Uphold the nuclear weapons test moratorium

    Get PDF
    The Trump administration is considering renewing nuclear weapons testing (1), a move that could increase the risk of another nuclear arms race as well as an inadvertent or intentional nuclear war. Following in the long tradition of scientists opposing nuclear weapons due to their harmful effects on both humanity and the planet (2), we ask the U.S. government to desist from plans to conduct nuclear tests. During the Cold War, the United States conducted 1030 nuclear weapons tests, more than all other nuclear-armed nations combined (3). In 1996, the United States signed the Comprehensive Nuclear Test Ban Treaty (CTBT), agreeing not to conduct a nuclear weapons test of any yield (4). The United States has not yet ratified the CTBT but did spearhead the 2016 adoption of UN Security Council Resolution 2310, which calls upon all countries to uphold the object and purpose of the CTBT by not conducting nuclear tests (5). Eight of the nine nuclear-armed states, including the five permanent members of the UN Security Council, have observed a moratorium on nuclear testing since 1998 (3, 4). The ninth, North Korea, responding to international pressure, stopped testing warhead detonations (as opposed to missile flights) in 2017 (6). If the United States ratified the CTBT, joining the 168 countries who have already done so (4), there is a good chance that the other holdout countries would ratify the treaty as well (7)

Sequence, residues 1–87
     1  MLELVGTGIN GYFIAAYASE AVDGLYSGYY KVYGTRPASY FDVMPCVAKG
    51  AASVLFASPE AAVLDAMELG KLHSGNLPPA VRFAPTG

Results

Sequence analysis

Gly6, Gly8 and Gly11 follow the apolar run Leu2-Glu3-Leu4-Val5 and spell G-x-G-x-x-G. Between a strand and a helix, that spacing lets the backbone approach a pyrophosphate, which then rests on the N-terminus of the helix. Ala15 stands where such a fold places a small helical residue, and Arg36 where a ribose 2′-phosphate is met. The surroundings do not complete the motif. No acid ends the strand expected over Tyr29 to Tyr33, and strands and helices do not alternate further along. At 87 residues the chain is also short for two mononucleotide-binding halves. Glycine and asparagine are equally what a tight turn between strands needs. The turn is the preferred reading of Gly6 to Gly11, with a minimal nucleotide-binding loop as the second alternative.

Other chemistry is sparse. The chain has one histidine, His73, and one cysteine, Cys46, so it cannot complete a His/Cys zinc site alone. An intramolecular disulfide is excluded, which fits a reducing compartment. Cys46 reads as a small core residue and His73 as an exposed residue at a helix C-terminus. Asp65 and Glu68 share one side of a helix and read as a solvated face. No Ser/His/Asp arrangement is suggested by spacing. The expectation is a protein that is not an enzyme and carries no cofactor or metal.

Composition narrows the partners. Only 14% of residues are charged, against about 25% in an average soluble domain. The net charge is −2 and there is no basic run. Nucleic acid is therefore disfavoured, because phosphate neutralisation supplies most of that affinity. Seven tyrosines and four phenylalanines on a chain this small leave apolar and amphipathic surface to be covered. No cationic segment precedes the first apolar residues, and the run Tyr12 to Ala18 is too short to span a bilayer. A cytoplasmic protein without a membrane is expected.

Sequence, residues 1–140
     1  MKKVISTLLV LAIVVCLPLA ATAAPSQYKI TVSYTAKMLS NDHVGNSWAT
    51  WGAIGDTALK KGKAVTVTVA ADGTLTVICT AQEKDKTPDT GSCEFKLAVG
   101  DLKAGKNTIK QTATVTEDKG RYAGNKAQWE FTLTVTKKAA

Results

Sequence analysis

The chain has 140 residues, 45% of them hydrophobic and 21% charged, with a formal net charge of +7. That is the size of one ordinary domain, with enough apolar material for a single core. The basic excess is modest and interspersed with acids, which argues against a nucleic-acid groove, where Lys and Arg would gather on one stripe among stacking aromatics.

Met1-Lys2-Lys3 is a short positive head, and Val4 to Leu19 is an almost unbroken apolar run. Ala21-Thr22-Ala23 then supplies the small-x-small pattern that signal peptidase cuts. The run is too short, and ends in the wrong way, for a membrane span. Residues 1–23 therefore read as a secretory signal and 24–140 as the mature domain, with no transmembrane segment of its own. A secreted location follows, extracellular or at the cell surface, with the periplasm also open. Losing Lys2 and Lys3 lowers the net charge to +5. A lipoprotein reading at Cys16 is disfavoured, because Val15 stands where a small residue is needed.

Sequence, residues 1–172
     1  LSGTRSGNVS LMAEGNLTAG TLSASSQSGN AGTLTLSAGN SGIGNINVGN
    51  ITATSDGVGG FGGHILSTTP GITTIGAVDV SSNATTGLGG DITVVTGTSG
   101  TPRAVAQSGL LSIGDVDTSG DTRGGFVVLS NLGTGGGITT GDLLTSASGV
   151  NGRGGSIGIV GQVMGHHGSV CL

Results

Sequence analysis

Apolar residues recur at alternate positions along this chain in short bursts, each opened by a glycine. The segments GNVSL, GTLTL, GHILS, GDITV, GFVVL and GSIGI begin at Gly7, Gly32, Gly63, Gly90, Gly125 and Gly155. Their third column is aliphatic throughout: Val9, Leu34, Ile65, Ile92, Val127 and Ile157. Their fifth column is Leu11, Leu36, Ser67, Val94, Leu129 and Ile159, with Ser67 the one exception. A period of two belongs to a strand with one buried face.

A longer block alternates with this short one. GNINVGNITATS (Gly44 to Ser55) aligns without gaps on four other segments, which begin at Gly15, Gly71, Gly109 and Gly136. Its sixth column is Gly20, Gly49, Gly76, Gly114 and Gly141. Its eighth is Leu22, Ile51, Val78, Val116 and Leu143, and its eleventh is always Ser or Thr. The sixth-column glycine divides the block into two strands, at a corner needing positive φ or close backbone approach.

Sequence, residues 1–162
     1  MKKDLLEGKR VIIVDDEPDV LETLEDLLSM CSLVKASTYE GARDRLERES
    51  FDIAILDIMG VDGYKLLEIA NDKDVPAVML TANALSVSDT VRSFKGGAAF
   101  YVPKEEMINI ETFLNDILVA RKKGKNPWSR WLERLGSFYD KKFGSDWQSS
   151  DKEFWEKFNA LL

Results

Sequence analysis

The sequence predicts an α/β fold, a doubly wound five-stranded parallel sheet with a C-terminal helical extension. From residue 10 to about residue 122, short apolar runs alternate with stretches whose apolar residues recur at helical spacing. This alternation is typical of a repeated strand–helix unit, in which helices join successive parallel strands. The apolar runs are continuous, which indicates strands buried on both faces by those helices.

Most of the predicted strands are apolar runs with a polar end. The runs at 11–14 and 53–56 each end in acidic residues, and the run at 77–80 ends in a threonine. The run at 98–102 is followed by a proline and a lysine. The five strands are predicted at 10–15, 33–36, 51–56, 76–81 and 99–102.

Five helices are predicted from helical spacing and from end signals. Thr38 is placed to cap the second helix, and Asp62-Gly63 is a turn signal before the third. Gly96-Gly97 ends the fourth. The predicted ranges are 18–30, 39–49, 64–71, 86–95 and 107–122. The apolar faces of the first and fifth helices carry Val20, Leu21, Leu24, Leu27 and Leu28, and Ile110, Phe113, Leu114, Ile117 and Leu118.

Systemic Complement Activation in Age-Related Macular Degeneration

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    Dysregulation of the alternative pathway (AP) of complement cascade has been implicated in the pathogenesis of age-related macular degeneration (AMD), the leading cause of blindness in the elderly. To further test the hypothesis that defective control of complement activation underlies AMD, parameters of complement activation in blood plasma were determined together with disease-associated genetic markers in AMD patients. Plasma concentrations of activation products C3d, Ba, C3a, C5a, SC5b-9, substrate proteins C3, C4, factor B and regulators factor H and factor D were quantified in patients (n = 112) and controls (n = 67). Subjects were analyzed for single nucleotide polymorphisms in factor H (CFH), factor B-C2 (BF-C2) and complement C3 (C3) genes which were previously found to be associated with AMD. All activation products, especially markers of chronic complement activation Ba and C3d (p<0.001), were significantly elevated in AMD patients compared to controls. Similar alterations were observed in factor D, but not in C3, C4 or factor H. Logistic regression analysis revealed better discriminative accuracy of a model that is based only on complement activation markers Ba, C3d and factor D compared to a model based on genetic markers of the complement system within our study population. In both the controls' and AMD patients' group, the protein markers of complement activation were correlated with CFH haplotypes